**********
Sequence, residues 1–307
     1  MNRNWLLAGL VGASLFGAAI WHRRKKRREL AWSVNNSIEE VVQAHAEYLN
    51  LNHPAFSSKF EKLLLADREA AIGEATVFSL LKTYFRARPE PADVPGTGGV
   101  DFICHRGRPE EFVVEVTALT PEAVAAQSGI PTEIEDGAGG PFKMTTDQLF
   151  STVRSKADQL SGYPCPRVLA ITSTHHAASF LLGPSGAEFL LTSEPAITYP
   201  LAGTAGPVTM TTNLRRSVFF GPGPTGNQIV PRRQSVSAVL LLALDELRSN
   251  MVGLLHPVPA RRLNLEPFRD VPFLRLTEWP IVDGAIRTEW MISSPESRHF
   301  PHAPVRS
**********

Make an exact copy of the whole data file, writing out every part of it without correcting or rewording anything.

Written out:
Sequence, residues 1–307
     1  MNRNWLLAGL VGASLFGAAI WHRRKKRREL AWSVNNSIEE VVQAHAEYLN
    51  LNHPAFSSKF EKLLLADREA AIGEATVFSL LKTYFRARPE PADVPGTGGV
   101  DFICHRGRPE EFVVEVTALT PEAVAAQSGI PTEIEDGAGG PFKMTTDQLF
   151  STVRSKADQL SGYPCPRVLA ITSTHHAASF LLGPSGAEFL LTSEPAITYP
   201  LAGTAGPVTM TTNLRRSVFF GPGPTGNQIV PRRQSVSAVL LLALDELRSN
   251  MVGLLHPVPA RRLNLEPFRD VPFLRLTEWP IVDGAIRTEW MISSPESRHF
   301  PHAPVRS